Something fascinating has happened in the advertising industry over the past few years. Many advertisers have stopped acting like companies trying to sell you stuff, and started acting more and more like publishers – creators of content and entertainment designed to appeal to their target audience.

For example:

– YouTube enables commercials to stretch from 30-second pitches to 5-minute narratives (a la BMW Films)
– Rich technology allows advertisers to move past product information and into interactive environments
– Platform agnostic, advertisers are moving their content into mobile and even video games

Why the shift? Advertisers are in the attention game. Ad clutter has skyrocketed with the adoption of interactive media, and attention is harder and harder to come by. So smart advertisers changed the game. Instead of trying to squeeze ads in between the compelling content consumers are consuming, they started creating the compelling content themselves.

Take a look at your recent emails. Which are they, the ads or the content?

Do your emails say, “We interrupt your inbox with a brief message from our sponsor?” Or are yours the messages your subscribers are looking for, relegating others to “interrupter” status?

If you want to capture more subscriber attention, and turn your email into the content that squeezes the competing messages out, try these tips:

Be selfless. I know we send emails in order to drive a certain action – to register for a conference or download a whitepaper or sign up for a webinar. And it’s true that all of these products are a service to your subscribers. But is there a way for the email to be valuable on its own, independent of the action you want your subscribers to take? For example, if you’re promoting a webinar, instead of “Register Here” being the leading message, try leading with one of the key findings the webinar will present. Your email then serves as a proof-of-concept for the webinar, and has delivered value to your subscribers. Don’t worry about “giving away the shop”. Prospective attendees are trying to determine if the event is worth their time – you’ve just given them proof that it is.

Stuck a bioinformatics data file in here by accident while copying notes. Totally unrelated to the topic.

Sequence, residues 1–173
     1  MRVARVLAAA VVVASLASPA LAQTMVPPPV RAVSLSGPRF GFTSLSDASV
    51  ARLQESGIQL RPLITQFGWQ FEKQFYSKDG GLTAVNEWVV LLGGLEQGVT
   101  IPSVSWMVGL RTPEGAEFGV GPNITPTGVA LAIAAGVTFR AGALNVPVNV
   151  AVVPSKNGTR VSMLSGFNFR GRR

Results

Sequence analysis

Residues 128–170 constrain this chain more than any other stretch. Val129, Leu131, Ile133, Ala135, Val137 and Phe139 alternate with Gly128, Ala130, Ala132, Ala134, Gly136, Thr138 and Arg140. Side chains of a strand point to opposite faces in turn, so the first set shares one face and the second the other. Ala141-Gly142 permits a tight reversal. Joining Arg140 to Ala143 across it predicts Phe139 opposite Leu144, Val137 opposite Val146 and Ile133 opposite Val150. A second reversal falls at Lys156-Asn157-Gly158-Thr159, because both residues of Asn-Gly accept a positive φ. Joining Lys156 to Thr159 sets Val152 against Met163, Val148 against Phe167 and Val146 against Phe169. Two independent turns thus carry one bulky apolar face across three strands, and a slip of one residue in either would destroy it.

Think like a blogger. There are about 130 million blogs out there, give or take ten million. Imagine trying to compete for attention where ten million prospective rivals amounts to a rounding error. Still, some bloggers manage to do pretty well. The best ones have the same secret: produce content they are uniquely qualified for, and vigilantly protect this focus. Good email marketers do the same thing. They have a unique and interesting content strategy, and take a long view to stay true to their strategy.

Preview next week’s episode. Want them to tune in again next time? Give them an idea of what they can expect. Obviously, this takes a little pre-planning, though it doesn’t amount to any extra work since you have to decide what’s in the next email eventually. But the flip side is that it will save you time later on, and will help boost your ratings.